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Dr Caroline Buttler, National Museum of Wales
"It could well have been a deliberate hoax"
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Friday, 8 December, 2000, 14:50 GMT
Dinosaur exposed as fake
National Museum of Wales Cardiff
The museum has displayed the creature for 116 years
A fossilised marine reptile on display at a Welsh museum has been unmasked as an "elaborate fake".

It was quite a shock to find that the creature was not what it had seemed over all these years but was a botch-up

Dr Caroline Buttler
Officials at the National Museum of Wales in Cardiff thought the fossilised creature - which has been on display for more than a century - was a perfect specimen of the marine reptile Icthyosaurus.

But when they decided the skeleton needed a modern facelift it was discovered the fossil was a forgery.

Dolphin-like creature

Instead of being one complete creature, the specimen is made up of two different sea creatures. It also includes fake bones made out of plaster.

Experts who examined the fossil found the skull was embedded in a different type of rock to the rest of the skeleton.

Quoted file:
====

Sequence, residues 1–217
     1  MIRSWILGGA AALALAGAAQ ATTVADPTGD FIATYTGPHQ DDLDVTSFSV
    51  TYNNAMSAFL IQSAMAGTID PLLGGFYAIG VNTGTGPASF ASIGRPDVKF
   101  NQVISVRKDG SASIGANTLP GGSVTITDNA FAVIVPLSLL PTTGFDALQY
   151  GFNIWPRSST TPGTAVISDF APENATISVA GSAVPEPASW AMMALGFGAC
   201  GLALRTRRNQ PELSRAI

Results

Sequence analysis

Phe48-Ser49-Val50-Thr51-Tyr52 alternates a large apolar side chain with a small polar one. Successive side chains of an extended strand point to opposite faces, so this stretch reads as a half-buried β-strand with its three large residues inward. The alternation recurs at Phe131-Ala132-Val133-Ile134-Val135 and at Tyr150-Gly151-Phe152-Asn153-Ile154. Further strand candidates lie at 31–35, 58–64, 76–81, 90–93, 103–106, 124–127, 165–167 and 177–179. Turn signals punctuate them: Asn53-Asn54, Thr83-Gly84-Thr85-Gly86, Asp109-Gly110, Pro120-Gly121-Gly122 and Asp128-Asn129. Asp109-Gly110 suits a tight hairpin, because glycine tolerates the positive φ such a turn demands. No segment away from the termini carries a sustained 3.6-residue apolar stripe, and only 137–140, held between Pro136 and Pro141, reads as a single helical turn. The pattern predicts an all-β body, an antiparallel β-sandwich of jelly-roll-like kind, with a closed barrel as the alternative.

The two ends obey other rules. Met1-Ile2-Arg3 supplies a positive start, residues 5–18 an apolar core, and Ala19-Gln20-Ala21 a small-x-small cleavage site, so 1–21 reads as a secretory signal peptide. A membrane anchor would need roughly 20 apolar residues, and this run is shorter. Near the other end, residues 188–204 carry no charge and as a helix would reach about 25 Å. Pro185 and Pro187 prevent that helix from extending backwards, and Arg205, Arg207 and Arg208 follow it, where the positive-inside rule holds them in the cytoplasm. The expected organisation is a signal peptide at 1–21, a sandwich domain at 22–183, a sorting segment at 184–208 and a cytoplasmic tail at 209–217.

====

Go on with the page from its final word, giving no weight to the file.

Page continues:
The 1.5- (5ft-) long dolphin-like creature, which lived in the Jurassic period 200 million years ago, was given to the museum by a collector called Samuel Allen in 1884.

It had already been mounted in a brown-coloured plaster before being handed over to the institution.

Less than perfect

The forgery was only discovered when museum conservationists decided that this crumbling and cracked plaster needed replacing.

The creature lived 200 million years ago
The skull was that of an Icthyosaurus communis and embedded in a grey rock. But the body was found to be that of a similar creature called Leptonectes tenuirostris in a light-brown rock.

Other bones were made out of plaster and stuck into the rock to make them look real while one flipper was also a fake.

"We have thought all along that it was a perfect specimen of an Icthyosaur," said museum conservator Dr Caroline Buttler.

Victorian trick

"But when the plaster started cracking and crumbling and we stripped off five layers of paint we found it was an elaborate forgery. It was an amalgam of two different types of Icthyosaur plus a clever attempt at fake parts."

Staff at the museum are now trying to unearth details about the mysterious benefactor Mr Allen.

"It was quite a shock to find that the creature was not what it had seemed over all these years but was a botch-up," said Dr Buttler. "But you have got to hand it to the Victorians for pulling off such a trick and fooling us all these years."

The skeleton is now being cleaned up and will be put back on display as an example of how the Victorians faked the exhibit.

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